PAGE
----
Study of Nanocrystalline BiMnO3--PbTiO3: Synthesis, Structural Elucidation, and Magnetic Characterization of the Whole Solid Solution

Authors

  • Dr. Teresa Hungría,

    Corresponding author
    1. Electroceramics for the Information Technologies, Instituto de Ciencia de Materiales de Madrid, CSIC, Cantoblanco, 28049 Madrid (Spain), Fax: (+34) 913720623
    • Electroceramics for the Information Technologies, Instituto de Ciencia de Materiales de Madrid, CSIC, Cantoblanco, 28049 Madrid (Spain), Fax: (+34) 913720623
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  • Covadonga Correas,

    1. Electroceramics for the Information Technologies, Instituto de Ciencia de Materiales de Madrid, CSIC, Cantoblanco, 28049 Madrid (Spain), Fax: (+34) 913720623
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  • Dr. Florent Houdellier,

    1. Centre d'Elaboration de Matériaux et d'Etudes Structurales (CEMES) CNRS, 29 Jeanne Marvig, 31055 Toulouse (France)
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  • Dr. Octavio Peña,

    1. Institut des Sciences Chimiques de Rennes, UMR 6226, Université de Rennes 1, 35042 Rennes (France)
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  • Dr. Eladio Vila,

    1. Electroceramics for the Information Technologies, Instituto de Ciencia de Materiales de Madrid, CSIC, Cantoblanco, 28049 Madrid (Spain), Fax: (+34) 913720623
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  • Prof. Dr. Alicia Castro

    1. Electroceramics for the Information Technologies, Instituto de Ciencia de Materiales de Madrid, CSIC, Cantoblanco, 28049 Madrid (Spain), Fax: (+34) 913720623
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Abstract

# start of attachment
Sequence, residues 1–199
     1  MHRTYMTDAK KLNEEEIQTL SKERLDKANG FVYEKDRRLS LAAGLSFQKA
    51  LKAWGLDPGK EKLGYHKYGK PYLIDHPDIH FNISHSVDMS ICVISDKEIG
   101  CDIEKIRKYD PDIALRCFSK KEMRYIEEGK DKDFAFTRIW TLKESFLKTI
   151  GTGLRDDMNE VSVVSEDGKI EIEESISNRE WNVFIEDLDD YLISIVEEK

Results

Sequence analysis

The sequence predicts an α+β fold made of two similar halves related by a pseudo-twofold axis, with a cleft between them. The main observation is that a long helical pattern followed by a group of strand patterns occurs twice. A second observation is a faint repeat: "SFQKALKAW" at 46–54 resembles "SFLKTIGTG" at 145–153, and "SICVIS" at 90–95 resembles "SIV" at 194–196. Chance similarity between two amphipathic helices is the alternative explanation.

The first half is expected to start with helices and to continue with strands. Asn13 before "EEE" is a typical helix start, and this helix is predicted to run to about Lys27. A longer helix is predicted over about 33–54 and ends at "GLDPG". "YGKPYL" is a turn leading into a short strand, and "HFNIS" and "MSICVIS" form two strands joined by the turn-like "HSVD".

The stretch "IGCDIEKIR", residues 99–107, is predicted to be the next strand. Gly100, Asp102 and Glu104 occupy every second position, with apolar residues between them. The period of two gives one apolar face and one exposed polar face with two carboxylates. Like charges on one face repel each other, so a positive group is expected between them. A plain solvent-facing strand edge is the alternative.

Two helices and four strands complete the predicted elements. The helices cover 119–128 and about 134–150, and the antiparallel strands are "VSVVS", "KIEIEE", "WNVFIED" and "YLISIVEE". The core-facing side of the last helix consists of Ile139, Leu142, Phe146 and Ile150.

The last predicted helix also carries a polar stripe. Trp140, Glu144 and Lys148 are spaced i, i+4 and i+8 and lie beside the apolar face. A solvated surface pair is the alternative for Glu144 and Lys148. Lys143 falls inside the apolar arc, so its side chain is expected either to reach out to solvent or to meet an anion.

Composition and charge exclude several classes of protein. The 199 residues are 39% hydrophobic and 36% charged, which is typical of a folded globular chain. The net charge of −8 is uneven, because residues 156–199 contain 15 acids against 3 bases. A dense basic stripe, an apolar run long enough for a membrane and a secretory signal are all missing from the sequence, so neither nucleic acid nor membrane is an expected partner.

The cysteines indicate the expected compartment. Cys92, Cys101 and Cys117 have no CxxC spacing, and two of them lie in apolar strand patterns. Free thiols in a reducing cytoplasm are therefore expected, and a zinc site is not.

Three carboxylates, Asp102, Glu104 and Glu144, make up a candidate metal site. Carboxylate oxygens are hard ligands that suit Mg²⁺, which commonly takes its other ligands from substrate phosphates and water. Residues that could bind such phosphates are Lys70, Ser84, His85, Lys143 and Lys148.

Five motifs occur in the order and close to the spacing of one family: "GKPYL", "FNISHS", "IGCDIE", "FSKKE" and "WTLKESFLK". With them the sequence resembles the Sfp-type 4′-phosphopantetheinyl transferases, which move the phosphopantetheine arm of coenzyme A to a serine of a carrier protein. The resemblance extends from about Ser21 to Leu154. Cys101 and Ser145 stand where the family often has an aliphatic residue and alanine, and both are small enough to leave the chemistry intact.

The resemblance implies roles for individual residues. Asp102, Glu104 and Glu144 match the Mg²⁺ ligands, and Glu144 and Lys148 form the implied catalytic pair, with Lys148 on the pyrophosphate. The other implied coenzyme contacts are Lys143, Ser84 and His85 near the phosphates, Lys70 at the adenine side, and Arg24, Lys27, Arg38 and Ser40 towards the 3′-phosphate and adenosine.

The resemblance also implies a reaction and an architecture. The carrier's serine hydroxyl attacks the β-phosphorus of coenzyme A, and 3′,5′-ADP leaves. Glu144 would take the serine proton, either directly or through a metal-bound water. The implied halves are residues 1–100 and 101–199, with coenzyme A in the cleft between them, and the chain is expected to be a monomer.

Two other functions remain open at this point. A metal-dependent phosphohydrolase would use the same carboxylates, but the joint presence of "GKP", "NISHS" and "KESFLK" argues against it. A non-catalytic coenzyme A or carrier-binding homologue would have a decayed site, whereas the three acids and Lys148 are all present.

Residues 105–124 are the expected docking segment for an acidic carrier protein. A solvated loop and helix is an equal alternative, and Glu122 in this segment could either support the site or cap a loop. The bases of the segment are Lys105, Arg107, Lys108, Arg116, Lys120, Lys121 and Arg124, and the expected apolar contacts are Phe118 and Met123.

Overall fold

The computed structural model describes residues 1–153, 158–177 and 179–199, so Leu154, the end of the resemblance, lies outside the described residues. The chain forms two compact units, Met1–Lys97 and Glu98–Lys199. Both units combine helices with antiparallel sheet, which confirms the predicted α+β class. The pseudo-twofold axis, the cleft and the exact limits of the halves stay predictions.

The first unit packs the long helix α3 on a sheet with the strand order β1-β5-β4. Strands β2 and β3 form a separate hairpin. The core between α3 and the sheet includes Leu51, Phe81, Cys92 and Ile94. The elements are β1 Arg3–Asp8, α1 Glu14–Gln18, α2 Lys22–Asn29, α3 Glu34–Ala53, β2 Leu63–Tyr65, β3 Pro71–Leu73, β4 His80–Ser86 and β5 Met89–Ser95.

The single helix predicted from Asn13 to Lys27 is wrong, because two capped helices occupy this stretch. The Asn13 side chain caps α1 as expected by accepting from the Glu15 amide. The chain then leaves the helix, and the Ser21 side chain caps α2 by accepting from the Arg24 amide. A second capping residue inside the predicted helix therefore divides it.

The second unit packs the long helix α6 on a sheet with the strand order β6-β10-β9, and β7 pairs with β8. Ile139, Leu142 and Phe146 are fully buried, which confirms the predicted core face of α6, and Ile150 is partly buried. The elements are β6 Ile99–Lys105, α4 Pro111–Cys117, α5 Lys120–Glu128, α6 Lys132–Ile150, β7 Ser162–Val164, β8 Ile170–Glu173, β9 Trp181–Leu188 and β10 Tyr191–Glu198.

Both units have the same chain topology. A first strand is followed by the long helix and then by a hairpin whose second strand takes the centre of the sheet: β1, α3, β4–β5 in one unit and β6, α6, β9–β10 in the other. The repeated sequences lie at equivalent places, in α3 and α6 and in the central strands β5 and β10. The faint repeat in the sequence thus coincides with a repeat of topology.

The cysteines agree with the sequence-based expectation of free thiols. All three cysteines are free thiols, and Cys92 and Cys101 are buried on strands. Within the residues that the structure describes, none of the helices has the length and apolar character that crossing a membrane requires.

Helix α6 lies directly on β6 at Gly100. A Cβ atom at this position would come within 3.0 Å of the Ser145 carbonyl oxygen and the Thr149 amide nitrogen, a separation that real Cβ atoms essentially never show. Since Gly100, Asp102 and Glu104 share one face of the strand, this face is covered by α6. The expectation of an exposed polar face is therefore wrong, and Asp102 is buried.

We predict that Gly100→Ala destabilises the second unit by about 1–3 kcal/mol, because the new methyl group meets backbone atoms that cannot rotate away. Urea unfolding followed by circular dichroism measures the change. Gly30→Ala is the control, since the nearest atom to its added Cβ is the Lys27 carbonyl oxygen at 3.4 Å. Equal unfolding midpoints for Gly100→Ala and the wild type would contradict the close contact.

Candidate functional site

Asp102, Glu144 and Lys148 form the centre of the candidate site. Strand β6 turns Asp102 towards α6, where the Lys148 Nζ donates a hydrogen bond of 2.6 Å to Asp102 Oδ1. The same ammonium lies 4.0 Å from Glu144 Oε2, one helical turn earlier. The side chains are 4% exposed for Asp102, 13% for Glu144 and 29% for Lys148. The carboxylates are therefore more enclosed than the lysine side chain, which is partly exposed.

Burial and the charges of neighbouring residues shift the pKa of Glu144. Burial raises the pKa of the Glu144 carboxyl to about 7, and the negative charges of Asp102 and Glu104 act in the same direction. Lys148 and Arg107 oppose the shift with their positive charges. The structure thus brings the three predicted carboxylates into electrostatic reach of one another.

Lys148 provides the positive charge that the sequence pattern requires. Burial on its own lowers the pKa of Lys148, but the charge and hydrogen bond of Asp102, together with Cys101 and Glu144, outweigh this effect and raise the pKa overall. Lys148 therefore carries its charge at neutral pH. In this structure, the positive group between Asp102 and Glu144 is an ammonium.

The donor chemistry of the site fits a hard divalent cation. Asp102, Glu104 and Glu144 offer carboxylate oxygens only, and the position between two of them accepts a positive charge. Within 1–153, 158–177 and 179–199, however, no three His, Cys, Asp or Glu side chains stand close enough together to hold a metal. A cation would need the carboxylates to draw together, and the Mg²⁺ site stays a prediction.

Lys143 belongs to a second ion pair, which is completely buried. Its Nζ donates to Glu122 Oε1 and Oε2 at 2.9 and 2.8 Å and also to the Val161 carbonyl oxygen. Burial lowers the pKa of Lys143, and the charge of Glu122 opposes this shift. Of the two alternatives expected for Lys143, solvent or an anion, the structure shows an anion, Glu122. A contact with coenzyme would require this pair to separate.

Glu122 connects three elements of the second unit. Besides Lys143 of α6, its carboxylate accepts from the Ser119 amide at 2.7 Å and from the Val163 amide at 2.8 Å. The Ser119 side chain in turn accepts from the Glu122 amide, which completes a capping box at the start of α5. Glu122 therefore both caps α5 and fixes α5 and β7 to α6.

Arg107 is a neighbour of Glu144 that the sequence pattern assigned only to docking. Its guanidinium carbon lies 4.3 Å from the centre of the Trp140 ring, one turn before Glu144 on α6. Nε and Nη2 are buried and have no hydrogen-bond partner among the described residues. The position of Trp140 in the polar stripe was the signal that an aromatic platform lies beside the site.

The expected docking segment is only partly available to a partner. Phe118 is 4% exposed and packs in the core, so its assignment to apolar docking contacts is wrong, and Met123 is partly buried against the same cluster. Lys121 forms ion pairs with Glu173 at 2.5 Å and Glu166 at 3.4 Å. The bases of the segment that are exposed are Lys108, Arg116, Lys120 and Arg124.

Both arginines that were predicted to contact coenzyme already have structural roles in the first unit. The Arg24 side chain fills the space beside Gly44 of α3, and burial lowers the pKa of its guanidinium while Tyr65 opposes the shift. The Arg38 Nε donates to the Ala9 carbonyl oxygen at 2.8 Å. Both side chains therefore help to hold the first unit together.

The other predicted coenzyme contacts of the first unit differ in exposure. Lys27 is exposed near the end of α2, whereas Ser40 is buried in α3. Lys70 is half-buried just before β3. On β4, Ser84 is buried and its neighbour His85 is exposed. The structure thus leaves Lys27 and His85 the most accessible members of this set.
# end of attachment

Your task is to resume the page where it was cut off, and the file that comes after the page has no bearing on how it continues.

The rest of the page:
In the last ten years, the study and the search for new multiferroic materials have been a major challenge due to their potential applications in electronic technology. In this way, bismuth-containing perovskites (BiMO3), and particularly those in which the metal M position is occupied by a magnetically active cation, have been extensively investigated as possible multiferroic materials. From the point of view of synthesis, only a few of the possible bismuth-containing perovskites can be prepared by conventional methods but at high pressures. Herein, the preparation of one of these potential multiferroic systems, the solid solution xBiMnO3-(1−x)PbTiO3 by mechanosynthesis is reported. Note that this synthetic method allows the oxides with high x values, and more particularly the BiMnO3 phase, to be obtained as nanocrystalline phases, in a single step and at room temperature without the application of external pressure. These results confirm that, in the case of Bi perovskites, mechanosynthesis is a good alternative to high-pressure synthesis. These materials have been studied from the point of view of their structural characteristics by precession electron diffraction and magnetic property measurements.

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